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Productivity is about how efficiently a firm or any other organisation can turn its inputs, such as labour and capital, into outputs in the form of goods and services. Over the long term, productivity is the key determinant of a country’s material standard of living. New Zealand’s level of labour productivity remains relatively low in comparison to other developed countries.
The ability to gauge productivity varies across the economy. Although there are still significant issues, productivity measurement in New Zealand has improved with official productivity data for the measured sector. Gaps remain in the measurement of the service and public sectors and in terms of industry detail. These gaps highlight the need for ongoing investment in measuring outputs, inputs and productivity. The analysis in this paper focuses on the measured sector, but also looks at economy-wide measures given their role in international comparisons and forecasting, as well as being more up-to-date.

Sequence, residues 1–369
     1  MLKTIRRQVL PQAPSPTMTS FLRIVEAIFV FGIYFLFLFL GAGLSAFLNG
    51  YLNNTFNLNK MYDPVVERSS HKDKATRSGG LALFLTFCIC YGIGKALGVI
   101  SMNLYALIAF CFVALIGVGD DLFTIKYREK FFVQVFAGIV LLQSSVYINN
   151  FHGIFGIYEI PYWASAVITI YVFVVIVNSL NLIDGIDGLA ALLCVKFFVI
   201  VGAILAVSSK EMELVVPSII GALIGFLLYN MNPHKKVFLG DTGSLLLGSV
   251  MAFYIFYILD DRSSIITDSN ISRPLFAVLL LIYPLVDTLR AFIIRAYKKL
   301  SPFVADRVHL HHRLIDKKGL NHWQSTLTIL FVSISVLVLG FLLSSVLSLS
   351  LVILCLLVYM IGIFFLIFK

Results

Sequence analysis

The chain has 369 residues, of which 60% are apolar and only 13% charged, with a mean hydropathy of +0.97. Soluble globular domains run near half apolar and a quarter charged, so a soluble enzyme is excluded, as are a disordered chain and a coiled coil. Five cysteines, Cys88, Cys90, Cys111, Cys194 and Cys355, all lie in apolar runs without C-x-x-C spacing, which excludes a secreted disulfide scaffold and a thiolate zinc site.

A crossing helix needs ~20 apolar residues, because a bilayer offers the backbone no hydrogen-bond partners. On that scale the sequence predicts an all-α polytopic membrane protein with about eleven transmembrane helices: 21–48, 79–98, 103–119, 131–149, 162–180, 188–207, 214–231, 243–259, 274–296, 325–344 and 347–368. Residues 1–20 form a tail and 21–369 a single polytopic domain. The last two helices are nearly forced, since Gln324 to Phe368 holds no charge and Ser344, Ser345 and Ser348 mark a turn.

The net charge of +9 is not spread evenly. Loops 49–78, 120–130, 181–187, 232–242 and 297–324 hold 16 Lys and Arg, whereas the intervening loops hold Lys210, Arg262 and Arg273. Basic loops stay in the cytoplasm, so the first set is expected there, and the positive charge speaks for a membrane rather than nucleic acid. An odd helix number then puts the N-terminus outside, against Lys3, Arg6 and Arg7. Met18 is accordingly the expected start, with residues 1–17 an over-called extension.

The paper finds that productivity growth in New Zealand’s measured sector has been on a par with that of Australia over the last two decades. However, productivity growth in New Zealand’s measured sector since 2000, the end of the last growth cycle as assessed by Statistics New Zealand, has been below average. Analysis of recent trends is not definitive as the latest productivity cycle is not yet finished. At the economy-wide level, labour productivity growth has also had periods of weakness since 2000, but this experience has been shared by some other developed nations and a rebound has been witnessed in the recent economic upturn.
This paper also looks at possible explanations of the more recent period of below-average productivity performance. The explanations considered relate to employment growth, changes in labour quality, and industry and sector developments. The fact that recent growth in output has been sourced more from labour utilisation than labour productivity reflects a labour market performance that has seen rising participation and falling unemployment. Given the available information, it is difficult to isolate and weight the relative importance of the explanations because of uncertainty around variables and data limitations. Limitations on our ability to fully explain past productivity performance need not detract from the importance of efforts to raise future productivity performance.
This paper was prepared by John Janssen and Simon McLoughlin. Comments were provided by staff in the Treasury, especially Mark Blackmore, Bob Buckle, Patrick Conway, Mario DiMaio, Geoff Lewis and Kam Leong Szeto. Comments were also provided by Dirk Pilat (OECD), Statistics New Zealand and participants at a cross-government productivity workshop in December 2007.